3 charged in counterfeiting scheme
An Aiea couple used bleached $1 notes and a computer inkjet printer to turn them into $100 bills in their Aiea home, according to the U.S. Secret Service.
Marc Antolin and wife Milani Antolin, both 28, and the woman's younger sister Sherilyn Milan were charged yesterday in a federal complaint with conspiring to produce counterfeit $100, $50 and $20 notes. All three were arrested yesterday at their Uhaloa Street home and made their first appearance in U.S. District Court. Magistrate Judge Kevin Chang approved the appointment of counsel and ordered them to return for a preliminary hearing on Aug. 16.
According to court documents, an unidentified source who had been arrested Sunday for breaking into a car told Honolulu police about counterfeit currency being produced at an Aiea residence.
The source told police of witnessing Antolin and his wife printing counterfeit currency on several occasions in the past year. The source was also present on one occasion when Marc Antolin passed a $100 bill at a Chevron gas station, where the attendant used a counterfeit detection pen to determine if it was genuine. The bill was not detected as counterfeit.
The source said the couple would bleach genuine $1 notes and imprint the image of higher denominations on the blanks. A hair-straightening iron was used to stiffen the note.
A few months earlier on May 27, Honolulu police arrested Milan for passing a bogus $100 bill at Radio Shack in Nuuanu.
"The note was determined to be a genuine, bleached $1 note overprinted as a $100 note with a computer inkjet printer," Special Agent Scott Cary Riddick, assigned to the U.S. Secret Service in Honolulu, wrote in an affidavit.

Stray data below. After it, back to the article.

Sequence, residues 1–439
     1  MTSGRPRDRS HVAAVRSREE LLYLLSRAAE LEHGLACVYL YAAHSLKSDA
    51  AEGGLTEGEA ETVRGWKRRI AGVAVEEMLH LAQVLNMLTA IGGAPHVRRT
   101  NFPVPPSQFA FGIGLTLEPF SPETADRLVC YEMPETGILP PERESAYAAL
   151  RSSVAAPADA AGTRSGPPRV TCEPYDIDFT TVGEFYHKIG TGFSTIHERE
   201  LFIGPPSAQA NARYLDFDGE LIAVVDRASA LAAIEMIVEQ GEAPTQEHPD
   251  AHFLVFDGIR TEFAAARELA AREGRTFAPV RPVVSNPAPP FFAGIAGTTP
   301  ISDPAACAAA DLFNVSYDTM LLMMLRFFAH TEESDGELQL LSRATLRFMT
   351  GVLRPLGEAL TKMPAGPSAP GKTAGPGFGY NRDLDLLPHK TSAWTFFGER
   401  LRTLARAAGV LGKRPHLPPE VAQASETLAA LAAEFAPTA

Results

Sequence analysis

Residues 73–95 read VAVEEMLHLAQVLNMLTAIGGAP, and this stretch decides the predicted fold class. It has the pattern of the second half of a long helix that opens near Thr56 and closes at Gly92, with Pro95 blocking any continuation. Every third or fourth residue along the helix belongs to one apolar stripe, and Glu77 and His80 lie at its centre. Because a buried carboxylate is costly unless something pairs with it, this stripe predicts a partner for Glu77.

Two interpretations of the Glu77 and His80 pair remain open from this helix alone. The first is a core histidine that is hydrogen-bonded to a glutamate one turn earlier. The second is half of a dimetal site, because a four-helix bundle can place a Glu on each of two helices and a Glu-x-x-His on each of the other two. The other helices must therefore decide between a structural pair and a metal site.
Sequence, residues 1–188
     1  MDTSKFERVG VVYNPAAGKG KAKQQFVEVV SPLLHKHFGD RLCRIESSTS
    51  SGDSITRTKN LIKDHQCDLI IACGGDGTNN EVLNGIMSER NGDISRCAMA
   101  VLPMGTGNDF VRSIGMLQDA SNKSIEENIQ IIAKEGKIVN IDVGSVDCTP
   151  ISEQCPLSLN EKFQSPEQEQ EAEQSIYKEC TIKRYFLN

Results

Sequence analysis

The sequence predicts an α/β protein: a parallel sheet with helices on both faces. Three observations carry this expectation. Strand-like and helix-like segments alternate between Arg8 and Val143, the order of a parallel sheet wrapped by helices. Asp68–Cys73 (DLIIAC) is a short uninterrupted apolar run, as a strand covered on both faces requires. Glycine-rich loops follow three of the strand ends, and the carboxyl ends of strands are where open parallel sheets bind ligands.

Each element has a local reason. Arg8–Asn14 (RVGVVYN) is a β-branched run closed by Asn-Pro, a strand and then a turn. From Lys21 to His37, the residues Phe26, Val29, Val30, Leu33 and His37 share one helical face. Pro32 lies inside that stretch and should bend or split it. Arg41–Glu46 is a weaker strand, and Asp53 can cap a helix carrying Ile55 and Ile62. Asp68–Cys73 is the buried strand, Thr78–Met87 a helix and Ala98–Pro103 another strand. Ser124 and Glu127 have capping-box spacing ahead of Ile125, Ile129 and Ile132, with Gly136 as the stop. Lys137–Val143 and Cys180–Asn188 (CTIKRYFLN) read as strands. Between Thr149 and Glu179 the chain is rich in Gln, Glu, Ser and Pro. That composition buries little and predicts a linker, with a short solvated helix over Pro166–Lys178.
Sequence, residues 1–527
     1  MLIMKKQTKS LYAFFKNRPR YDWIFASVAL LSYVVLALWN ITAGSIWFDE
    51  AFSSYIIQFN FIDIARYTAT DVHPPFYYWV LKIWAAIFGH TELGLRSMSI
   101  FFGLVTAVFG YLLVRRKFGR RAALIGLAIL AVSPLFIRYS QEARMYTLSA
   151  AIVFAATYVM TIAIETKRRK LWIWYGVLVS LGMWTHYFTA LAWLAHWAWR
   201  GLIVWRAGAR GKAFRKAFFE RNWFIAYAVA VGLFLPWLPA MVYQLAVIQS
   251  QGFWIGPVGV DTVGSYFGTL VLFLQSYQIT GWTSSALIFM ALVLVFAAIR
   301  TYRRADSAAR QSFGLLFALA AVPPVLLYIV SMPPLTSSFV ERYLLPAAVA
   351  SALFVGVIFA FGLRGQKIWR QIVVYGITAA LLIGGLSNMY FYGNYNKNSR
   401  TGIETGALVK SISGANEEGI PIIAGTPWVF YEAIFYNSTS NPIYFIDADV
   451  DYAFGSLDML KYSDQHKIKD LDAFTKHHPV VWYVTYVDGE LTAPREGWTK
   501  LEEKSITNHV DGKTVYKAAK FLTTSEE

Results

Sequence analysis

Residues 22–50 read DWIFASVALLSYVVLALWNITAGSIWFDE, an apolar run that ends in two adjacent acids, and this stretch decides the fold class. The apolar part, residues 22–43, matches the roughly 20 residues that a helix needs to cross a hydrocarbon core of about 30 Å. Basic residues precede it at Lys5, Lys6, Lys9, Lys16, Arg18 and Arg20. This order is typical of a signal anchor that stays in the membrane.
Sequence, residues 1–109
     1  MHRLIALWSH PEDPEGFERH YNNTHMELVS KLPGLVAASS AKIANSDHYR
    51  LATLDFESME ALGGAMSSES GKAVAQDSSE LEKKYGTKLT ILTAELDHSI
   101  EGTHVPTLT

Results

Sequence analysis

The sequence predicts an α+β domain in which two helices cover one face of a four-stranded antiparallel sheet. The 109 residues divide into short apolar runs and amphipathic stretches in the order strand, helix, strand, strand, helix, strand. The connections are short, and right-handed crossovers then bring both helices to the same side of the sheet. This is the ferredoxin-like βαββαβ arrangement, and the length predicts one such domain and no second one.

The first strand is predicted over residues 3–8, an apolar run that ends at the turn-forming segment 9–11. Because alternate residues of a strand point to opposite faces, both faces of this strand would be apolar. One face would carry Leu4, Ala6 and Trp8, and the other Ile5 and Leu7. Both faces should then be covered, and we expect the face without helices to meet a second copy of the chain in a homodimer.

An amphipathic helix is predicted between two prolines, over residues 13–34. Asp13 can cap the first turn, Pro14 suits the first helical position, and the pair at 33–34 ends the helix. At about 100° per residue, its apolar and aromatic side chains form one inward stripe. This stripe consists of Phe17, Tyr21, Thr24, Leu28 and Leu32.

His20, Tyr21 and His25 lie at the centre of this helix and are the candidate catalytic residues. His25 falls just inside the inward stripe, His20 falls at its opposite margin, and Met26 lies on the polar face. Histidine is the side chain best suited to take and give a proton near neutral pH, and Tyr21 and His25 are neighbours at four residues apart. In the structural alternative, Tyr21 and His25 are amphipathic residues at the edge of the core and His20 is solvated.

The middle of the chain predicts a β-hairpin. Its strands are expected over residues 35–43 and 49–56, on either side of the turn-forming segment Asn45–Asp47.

Milan said she got the counterfeit bill from her sister, Milani Antolin.
A search of the residence yesterday morning led to the recovery of a counterfeit $100 bill on Milani Antolin and a counterfeit $50 bill in the living room. Also found were counterfeit notes in the Antolins' bedroom and in Milan's room.
Agents also recovered two cans of liquid and a container with black residue that appeared to be genuine currency ink in the bedroom.
The Antolins, who have three children, sat at opposite ends of the jury box yesterday. Milani Antolin sobbed quietly during the proceeding as her sister, sitting several seats away, whispered to her. All three were released to the supervision of the sisters' mother, who also lives at the Aiea home.
Conditions of their release included posting a $25,000 unsecured bond. If convicted of conspiracy, each faces 20 years in federal prison. Attorneys for the Antolins and Milan declined comment.